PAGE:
ROLE OF RURAL RADIO IN DISSEMINATION OF SCIENTIFIC/AGRICULTURAL RESEARCH
HOW RADIO HAS BEEN USED IN UGANDA FOR AGRICULTURAL DEVELOPMENT
TRANSLATING AGRICULTURE RESEARCH INFORMATION INTO MESSAGES FOR RURAL AUDIENCES
Over two billion people live in rural areas of developing countries. In Africa, most agricultural communities live in rural areas. In these rural areas one finds that there is a direct relationship between agricultural and rural development. This comes about by the fact that most people in rural areas depend on agriculture for their livelihood.
Because such a large population lives in rural areas, they are often the birthplace of trends and events, which will have a major impact on cities later on. For example food is grown there to feed the whole nation and droughts, diseases and infestations to crops are first felt there. Even research meant for better farming practices is tested there. Therefore there is need to keep the communities informed of what is happening in and around them in order for them to adapt to varying situations.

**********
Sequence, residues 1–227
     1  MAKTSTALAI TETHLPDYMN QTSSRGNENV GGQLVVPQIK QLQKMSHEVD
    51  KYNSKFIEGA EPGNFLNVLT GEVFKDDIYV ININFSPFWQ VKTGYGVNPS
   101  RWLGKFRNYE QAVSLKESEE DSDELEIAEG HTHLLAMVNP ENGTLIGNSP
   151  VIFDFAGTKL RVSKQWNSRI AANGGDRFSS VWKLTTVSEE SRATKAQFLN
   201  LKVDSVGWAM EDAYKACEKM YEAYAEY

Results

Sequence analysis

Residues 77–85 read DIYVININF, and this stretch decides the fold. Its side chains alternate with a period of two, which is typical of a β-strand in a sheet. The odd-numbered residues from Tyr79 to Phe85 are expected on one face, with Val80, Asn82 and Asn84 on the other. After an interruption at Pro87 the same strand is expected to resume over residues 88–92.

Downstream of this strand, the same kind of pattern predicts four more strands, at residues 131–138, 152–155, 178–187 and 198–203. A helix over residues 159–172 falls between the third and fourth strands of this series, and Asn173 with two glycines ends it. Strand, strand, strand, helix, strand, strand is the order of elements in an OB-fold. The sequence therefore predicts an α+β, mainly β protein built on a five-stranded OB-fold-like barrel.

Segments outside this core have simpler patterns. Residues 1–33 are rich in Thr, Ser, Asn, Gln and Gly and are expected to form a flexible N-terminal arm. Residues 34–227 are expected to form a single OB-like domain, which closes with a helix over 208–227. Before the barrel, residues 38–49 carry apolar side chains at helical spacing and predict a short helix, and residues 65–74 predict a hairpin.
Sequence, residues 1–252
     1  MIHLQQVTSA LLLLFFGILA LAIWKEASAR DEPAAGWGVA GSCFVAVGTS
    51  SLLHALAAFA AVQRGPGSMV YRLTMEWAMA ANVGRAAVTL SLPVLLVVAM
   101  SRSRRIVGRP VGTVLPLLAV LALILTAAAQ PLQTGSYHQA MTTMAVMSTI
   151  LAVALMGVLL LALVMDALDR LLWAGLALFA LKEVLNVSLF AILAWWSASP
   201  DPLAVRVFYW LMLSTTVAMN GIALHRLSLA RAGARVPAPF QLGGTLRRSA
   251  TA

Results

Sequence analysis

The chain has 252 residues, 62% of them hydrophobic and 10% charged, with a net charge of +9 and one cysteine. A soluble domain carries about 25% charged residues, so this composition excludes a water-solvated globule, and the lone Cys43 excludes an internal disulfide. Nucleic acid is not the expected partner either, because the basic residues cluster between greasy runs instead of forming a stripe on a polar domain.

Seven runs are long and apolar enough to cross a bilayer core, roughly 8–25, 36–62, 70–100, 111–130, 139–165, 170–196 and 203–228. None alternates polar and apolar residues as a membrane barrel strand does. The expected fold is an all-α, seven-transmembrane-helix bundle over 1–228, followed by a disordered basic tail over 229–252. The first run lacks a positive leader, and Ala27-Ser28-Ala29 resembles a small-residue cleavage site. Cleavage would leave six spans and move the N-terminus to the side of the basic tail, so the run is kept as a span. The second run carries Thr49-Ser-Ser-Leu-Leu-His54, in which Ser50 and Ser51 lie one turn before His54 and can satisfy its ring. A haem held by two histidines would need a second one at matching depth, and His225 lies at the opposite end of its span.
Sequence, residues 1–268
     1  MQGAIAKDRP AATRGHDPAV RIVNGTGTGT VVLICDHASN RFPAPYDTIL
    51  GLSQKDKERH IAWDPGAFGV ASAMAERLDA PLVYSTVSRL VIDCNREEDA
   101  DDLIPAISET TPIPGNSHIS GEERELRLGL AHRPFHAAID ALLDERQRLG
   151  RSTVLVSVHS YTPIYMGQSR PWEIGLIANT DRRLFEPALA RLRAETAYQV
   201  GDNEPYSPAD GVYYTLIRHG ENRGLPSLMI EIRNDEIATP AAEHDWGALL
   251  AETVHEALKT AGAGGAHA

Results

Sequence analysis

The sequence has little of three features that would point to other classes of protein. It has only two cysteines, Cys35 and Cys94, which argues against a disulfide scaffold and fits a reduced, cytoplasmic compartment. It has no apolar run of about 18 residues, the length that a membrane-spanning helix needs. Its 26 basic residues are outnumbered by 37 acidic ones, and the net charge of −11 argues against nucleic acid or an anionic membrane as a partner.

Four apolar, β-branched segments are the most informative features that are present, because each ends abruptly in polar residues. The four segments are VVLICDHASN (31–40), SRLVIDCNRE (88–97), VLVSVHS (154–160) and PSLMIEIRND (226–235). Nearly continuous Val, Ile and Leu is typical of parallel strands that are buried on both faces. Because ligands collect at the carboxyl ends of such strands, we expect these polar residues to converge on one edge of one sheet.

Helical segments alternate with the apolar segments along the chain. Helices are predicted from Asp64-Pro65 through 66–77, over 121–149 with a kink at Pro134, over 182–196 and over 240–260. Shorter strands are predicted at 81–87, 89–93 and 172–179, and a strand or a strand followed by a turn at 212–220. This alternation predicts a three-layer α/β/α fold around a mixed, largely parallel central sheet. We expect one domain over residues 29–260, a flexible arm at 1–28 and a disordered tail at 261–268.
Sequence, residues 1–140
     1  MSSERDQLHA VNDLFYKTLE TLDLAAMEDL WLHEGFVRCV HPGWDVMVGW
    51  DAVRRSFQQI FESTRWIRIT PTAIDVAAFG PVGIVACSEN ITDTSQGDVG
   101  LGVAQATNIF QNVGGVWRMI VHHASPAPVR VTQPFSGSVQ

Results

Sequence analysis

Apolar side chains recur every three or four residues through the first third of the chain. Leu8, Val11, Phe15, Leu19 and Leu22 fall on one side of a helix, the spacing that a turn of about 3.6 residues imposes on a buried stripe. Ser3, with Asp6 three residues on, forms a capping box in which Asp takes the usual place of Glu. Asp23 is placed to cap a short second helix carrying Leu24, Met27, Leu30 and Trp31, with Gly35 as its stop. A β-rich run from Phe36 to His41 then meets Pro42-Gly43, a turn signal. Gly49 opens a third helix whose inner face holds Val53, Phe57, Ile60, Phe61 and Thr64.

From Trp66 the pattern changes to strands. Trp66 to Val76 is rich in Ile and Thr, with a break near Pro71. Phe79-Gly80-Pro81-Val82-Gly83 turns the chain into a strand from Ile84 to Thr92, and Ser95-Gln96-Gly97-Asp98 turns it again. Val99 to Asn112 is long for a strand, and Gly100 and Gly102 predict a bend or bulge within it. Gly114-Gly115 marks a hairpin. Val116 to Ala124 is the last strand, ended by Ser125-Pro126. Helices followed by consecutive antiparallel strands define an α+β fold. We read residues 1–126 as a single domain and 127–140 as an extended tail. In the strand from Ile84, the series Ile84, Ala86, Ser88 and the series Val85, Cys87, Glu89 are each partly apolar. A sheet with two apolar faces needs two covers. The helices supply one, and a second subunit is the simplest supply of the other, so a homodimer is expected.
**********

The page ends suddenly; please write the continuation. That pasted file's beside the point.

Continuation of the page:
In this breath, radio has forever time stood out as a major dialogue initiator, temperament respondent and untiring arbitrator. The link therefore between radio, the rural community, agriculture and development cannot be over emphasized.
The nature of life in most rural communities is that of a subsistence manner. The communities need basic life necessities like food, shelter, clothing, all mainly got from agriculture. It is therefore important that the agricultural sector is developed, in order to develop the rural areas. The pivotal role of rural broadcasting therefore becomes handy.